Gen. Laws Sec. 37-2.3-4 “As part of the
budgetary process, each state agency shall provide an addendum to their
submitted budget request listing all privatization contracts; the name
of each contractor, subcontractor, duration of the contract provided
and services provided; the total cost of each contract(s) for the prior
Texas State Representative and PSN Co-Chair Garnet Coleman shares the
story of his roots, sheds some light on corporate privatization
schemes, and urges bold progressive state action to implement the
federal recovery plan.
With the federal government about to transfer hundreds of billions of dollars to the states, with many of those funds going to private contractors, a broad-based, bi-partisan coalition of organizations has come together in a Coalition for an Accountable Recovery. The Coalition, which Progressive States Network participated in creating, is promoting reforms at both the federal and state level to assure transparency in how funds are used by federal and state contractors, the number of jobs created, and the quality of jobs created-- with the results posted online in easily searchable websites for the public.
In past Dispatches, we've highlighted the potential and actual taxpayer ripoffs hidden in the industry siren song of selling off public assets like highways. States gets what looks like an attractive upfront payment, but lose in the long-term from lost toll revenue and lost democratic control of transit decisions.
The credit crisis has undermined the financial players who had been leading the charge on privatization, so they are looking for a bailout under the federal recovery plan. As reported by Reuters, Morgan Stanley, Merrill Lynch and a number of other firms pushing "public-private partnerships" -- the industry's preferred euphemism for privatization -- wants part of the stimulus package to flow to them. Their wish list includes federal rules to push privatization of airports and highways, along with a national infrastructure bank to subsidize loans for private sector deals.
With legislative sessions getting underway around the country, this
Dispatch provides a list of key bills and policies that we encourage
legislators to consider introducing. While not exhaustive of the range
of needed reforms in states, they emphasize initiatives of strategic
importance that are being considered in multiple states. Working with
our various partners, Progressive States Network is providing staff
support for these policies and will work to use movement in multiple
states to generate national media and attention. This in turn will
create greater momentum to assist individual states in pushing bills to
passage. The following is a quick checklist of key policies with links
to model legislation and policy summaries.
From December 8-10th, over 50 legislators from 26 states joined the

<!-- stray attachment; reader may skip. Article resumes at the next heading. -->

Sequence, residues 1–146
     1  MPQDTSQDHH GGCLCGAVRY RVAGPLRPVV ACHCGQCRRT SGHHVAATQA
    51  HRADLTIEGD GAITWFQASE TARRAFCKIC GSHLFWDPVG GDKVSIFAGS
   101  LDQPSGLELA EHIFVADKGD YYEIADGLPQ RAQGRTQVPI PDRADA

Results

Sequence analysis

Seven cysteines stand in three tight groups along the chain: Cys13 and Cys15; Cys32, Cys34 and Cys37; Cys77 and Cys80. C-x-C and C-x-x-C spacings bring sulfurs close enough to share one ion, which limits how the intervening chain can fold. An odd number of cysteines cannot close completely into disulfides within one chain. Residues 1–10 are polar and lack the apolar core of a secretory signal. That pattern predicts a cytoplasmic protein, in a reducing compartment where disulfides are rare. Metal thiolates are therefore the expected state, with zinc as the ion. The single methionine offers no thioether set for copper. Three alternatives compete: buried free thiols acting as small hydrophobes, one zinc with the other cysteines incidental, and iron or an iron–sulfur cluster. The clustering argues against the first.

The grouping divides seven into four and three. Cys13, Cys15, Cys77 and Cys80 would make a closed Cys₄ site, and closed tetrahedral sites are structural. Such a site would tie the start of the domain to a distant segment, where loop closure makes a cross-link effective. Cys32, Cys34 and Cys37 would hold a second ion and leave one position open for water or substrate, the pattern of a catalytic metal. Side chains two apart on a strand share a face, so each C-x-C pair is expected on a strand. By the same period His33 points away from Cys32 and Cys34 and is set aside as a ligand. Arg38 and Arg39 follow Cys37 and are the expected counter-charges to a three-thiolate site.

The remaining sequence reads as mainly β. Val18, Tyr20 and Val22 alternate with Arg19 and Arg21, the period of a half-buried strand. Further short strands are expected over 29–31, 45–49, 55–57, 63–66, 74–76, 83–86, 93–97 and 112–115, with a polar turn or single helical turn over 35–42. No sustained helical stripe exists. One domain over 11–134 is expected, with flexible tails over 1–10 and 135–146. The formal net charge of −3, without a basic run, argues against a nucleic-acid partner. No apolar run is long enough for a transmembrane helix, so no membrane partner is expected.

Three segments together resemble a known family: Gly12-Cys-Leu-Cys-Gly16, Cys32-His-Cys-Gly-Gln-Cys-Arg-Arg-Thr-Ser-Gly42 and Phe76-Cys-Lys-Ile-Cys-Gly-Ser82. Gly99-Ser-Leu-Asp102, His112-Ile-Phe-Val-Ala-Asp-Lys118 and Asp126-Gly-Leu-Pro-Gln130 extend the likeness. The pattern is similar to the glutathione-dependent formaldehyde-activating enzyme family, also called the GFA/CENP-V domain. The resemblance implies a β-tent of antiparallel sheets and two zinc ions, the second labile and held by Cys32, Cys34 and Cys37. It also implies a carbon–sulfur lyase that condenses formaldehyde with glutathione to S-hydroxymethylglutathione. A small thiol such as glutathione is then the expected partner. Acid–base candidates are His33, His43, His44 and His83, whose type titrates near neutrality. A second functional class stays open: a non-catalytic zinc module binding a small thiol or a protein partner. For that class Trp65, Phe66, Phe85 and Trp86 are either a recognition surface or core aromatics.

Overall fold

Progressive States Network at Bally’s Hotel in Las Vegas for its first
annual Legislative Leadership Retreat. These fifty legislators met with
key advocacy allies to discuss both policy and legislative strategy for
the 2009 legislative sessions. The retreat was held in conjunction with
the annual conference of the Economic Research and Analysis Network
(EARN) to strengthen the state progressive movement at this key point
The elections of 2008 served as a critical test of the nation's
election systems. With changes in voting machines and procedures,
coupled with expectations of record voter turnout, election
administrators held their breath and hoped their system wouldn't fail.
While the system didn't fail, voters faced serious obstacles in
exercising their right to vote. Voter registration ended up being the problem that affected the largest number of voters. Even before the first votes were cast, it was apparent
that our voter registration systems were woefully inadequate. While in
other nations 90% or more of the eligible voter population is
registered to vote, in the United States less than 75% of eligible
voters are registered.
As states face mounting deficits, corporate lobbyists have been promoting the idea that privatization of public services and assets is a free lunch -- services can be delivered more cheaply than by public employees and public assets like highways can be sold or leased for a hefty return to the taxpayer. As PSN has detailed in our December 2007 report Privatizing in the Dark: The Pitfalls of Privatization & Why Budget Disclosure is Needed, the promises of privatization too often yield to a reality of lost money and degraded services, weak oversight and lost expertise, assets sold off for short-term gains but long-term loss, lost democratic accountability, and the corruption of the political process.
With elections over and new progressive strength in many legislatures,
voters will now be demanding that state leaders deliver, made all the more
challenging given hard economic times and the laundry list of social
problems we face.
To assist in this task, Progressive States Network has
launched an upgrade of its website to make it easier for legislators and
advocates to find both past Dispatch information and
additional resources we will be adding in coming months. As well, we
have new Policy Options reports that give more detailed analysis of
policies that legislators may want to introduce in their states.
It is important not only that everyone be able to cast a
ballot, but that every vote is counted and meaningful. Voters too often
feel their vote won’t matter, whether because they don’t believe in the
integrity of the voting system or because they are stuck in non-competitive
Several fundamental reforms, from improved election integrity
measures to redistricting reforms can support the integrity of the electoral process and create
elections that enhance voters' ability to influence electoral outcomes and have
their voice truly heard in the political process.